Familiar faces lead the Vancouver Canucks' fantasy parade, but a team that has been consistently strong has plenty of quality options.
Top Picks: Since 2008-2009, C Henrik Sedin has scored 414 points, ranking second only to Alex Ovechkin. At the same time, last season's 0.94 points per game represented his lowest per-game scoring rate since 2007-2008 and he will be 33 by the time the puck drops to start the season so decline, while not necessarily immediate, is coming.
Not so coincidentally, LW Daniel Sedin ranks fifth in scoring since 2008-2009, falling behind largely because he has played 30 fewer games than his brother (largely due to a broken foot and concussion). Daniel actually holds more fantasy value because he's an elite point producer at a position that lacks top-end production. If we consider that Ovechkin has shifted to right wing, and Ilya Kovalchuk has returned to Russia, the next highest-scoring left winger since 2005-2006 is Henrik Zetterberg, who is 95 points behind Daniel Sedin.
Working the power play with the twins has its benefits and D Alexander Edler has scored 99 of his 206 career points with the man advantage. Since 2009-2010, Edler has 146 points, ranking 15th among defencemen and he's a low-end No. 1 or high-end No. 2 fantasy blueliner.
After the Canucks surprisingly traded Cory Schneider to New Jersey, G Roberto Luongo is once again the number one option for Vancouver, even though he's coming off a season in which his .907 save percentage was his lowest since his 24-game rookie campaign in 1990-2000. If 34-year-old Luongo can return to form and stop about 92% of the shots he faces (his career save percentage is .919) while starting 60-65 games, then he's, once again, a valuable fantasy goaltender.
Value Plays: A tremdendous two-way player who missed 31 games due to shoulder and foot injuries, C Ryan Kesler is a five-time 20-goal scorer and two-time 70-point scorer who ranks 13th with 47 power play goals since 2008-2009, despite scoring just two power play goals last season.
RW Alex Burrows has been a productive player who is at his best when skating with the Sedins. Since 2008-2009, he's one of four players with at least 100 goals and 400 penalty minutes, but his value is tied to the Sedins because of how much more offence he produces when he's playing with them compared to Kesler.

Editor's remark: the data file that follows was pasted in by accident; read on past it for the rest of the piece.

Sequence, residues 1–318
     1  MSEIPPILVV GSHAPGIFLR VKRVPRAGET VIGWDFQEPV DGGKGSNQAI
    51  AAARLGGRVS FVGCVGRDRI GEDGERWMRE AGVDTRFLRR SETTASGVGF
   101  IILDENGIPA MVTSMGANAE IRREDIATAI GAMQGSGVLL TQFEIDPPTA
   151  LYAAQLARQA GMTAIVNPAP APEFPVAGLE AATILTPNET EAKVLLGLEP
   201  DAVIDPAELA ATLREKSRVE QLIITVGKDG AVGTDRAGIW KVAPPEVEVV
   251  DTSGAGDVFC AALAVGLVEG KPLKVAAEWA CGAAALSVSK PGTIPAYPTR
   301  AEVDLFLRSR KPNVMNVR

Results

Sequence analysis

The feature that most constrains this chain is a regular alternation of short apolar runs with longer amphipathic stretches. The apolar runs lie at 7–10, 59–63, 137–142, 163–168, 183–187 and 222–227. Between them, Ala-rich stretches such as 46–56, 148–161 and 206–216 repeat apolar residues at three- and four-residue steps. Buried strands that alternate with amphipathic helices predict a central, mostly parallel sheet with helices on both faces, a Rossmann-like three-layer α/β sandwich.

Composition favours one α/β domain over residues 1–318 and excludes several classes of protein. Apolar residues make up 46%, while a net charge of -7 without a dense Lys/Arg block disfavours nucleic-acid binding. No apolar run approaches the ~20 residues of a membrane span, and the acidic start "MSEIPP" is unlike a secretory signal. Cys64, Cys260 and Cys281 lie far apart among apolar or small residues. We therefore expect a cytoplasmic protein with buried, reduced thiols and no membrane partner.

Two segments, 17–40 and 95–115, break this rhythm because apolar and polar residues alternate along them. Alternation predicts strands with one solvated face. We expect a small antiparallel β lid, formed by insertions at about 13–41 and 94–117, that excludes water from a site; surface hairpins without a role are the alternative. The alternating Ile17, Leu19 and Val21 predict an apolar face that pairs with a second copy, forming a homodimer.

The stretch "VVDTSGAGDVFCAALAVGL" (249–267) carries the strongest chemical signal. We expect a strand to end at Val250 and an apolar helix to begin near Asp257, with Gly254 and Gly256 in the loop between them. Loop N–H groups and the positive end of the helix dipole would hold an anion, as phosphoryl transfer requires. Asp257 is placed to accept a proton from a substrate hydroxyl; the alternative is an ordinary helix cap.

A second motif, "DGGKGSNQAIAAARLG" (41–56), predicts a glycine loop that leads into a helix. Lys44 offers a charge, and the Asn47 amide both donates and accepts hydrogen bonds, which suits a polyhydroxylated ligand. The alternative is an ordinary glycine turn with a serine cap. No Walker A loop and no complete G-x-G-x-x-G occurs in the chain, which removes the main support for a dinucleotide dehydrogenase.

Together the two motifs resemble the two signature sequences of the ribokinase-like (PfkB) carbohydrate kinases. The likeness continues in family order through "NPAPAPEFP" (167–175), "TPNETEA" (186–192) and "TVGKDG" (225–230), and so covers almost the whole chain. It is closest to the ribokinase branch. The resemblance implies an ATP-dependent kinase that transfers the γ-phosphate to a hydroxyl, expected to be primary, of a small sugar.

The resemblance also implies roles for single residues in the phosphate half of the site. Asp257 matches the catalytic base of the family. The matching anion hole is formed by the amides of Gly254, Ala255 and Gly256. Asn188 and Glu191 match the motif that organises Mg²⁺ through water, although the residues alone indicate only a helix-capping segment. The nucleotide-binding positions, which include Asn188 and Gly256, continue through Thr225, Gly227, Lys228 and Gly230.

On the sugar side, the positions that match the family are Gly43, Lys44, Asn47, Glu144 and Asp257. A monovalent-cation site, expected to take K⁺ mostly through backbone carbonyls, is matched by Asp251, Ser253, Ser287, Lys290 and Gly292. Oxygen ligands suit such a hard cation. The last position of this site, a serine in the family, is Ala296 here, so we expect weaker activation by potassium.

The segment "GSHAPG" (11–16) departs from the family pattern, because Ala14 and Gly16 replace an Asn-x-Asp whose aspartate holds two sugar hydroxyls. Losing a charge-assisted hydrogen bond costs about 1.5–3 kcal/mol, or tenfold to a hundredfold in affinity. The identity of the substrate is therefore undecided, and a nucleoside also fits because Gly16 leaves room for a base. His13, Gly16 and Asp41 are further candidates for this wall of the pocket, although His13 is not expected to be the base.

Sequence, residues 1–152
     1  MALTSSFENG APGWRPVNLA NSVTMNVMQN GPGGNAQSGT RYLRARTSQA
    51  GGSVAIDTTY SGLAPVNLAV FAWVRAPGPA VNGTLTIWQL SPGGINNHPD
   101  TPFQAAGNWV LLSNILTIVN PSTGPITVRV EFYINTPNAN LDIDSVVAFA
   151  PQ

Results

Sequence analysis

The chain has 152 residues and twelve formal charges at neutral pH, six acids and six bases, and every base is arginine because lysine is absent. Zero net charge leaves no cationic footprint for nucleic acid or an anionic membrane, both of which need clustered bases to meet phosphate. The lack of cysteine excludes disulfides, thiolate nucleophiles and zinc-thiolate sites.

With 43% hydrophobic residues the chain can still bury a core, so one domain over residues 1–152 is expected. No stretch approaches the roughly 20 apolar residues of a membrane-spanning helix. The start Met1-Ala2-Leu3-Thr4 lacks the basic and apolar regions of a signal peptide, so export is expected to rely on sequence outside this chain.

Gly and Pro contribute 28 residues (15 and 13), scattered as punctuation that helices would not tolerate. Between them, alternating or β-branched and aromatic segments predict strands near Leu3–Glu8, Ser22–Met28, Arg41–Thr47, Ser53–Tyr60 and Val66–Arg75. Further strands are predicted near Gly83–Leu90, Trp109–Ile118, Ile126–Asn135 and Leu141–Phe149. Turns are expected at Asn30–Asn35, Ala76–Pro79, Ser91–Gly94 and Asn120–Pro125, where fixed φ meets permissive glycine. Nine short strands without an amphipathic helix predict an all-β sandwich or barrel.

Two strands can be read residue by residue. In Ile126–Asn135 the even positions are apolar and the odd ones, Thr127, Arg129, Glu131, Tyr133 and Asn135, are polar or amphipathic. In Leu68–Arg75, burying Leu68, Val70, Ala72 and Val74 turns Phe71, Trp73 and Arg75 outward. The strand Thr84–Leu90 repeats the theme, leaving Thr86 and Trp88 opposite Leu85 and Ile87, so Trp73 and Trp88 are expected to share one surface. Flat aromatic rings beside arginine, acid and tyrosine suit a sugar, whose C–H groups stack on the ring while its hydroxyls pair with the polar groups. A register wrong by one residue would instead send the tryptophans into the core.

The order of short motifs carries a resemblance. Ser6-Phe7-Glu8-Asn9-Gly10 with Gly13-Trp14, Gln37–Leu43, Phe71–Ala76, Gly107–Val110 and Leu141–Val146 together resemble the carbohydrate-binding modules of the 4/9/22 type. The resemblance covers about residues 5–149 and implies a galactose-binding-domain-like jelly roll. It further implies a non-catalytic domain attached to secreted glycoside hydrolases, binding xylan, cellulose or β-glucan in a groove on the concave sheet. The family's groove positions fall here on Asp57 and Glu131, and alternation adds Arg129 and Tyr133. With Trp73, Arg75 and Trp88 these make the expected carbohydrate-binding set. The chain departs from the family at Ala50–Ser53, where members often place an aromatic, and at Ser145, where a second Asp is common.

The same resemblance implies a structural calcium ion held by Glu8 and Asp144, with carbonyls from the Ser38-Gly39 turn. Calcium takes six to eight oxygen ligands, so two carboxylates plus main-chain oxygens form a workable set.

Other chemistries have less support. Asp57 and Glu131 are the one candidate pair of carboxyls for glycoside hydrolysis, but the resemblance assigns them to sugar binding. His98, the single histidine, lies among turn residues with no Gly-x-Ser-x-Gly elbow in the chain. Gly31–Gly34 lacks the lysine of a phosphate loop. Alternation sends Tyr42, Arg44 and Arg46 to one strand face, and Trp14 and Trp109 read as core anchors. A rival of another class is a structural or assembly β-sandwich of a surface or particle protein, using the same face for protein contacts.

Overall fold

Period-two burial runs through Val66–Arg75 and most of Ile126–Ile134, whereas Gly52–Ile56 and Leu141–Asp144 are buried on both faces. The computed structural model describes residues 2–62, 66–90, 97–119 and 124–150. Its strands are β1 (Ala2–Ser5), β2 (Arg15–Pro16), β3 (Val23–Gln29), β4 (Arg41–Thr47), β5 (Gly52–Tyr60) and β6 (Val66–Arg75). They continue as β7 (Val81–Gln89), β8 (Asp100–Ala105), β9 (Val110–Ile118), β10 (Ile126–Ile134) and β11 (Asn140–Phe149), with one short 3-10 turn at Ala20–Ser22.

RW Jannik Hansen has steadily progressed, with last season's 0.57 points per game a career best. There's some question about how high his offensive ceiling is, particularly without significant power play time, but he's been a double-digit plus in each of the last three seasons, making him viable as a No. 4 right winger.
D Dan Hamhuis has contributed more offensively in his last couple seasons with the Canucks, and over the last three years, he ranks second among defencemen with a plus-67 rating. While D Kevin Bieksa isn't as consistent as Hamhuis, he is a three-time 40-point scorer who is always good for PIMs (698 PIM in 491 career GP). Both fit as number three fantasy defencemen.
A boom or bust pick, RW Zack Kassian has 21 points in 83 career games, but could have a chance to skate on the Sedins' wing and that would give him a shot at a breakthrough season. He's big, tough and talented, but has yet to provide consistent results. As a late-round flier, though, you'd be hoping he starts to reach his potential this season.
Rookies: The Canucks do have room for rookies, particularly at centre, where the Sedins are followed by Kesler and perhaps Jordan Schroeder. Brendan Gaunce and Bo Horvat, first-round pick in each of the last two seasons could have an opportunity to start the season in the NHL, though it may be too soon to have any expectations for their production.
Gaunce has been a point-per-game player in Belleville (OHL) for the last two seasons and Horvat has 61 points in 67 games with London (OHL) last season before scoring 16 goals and 23 points in 21 playoff games.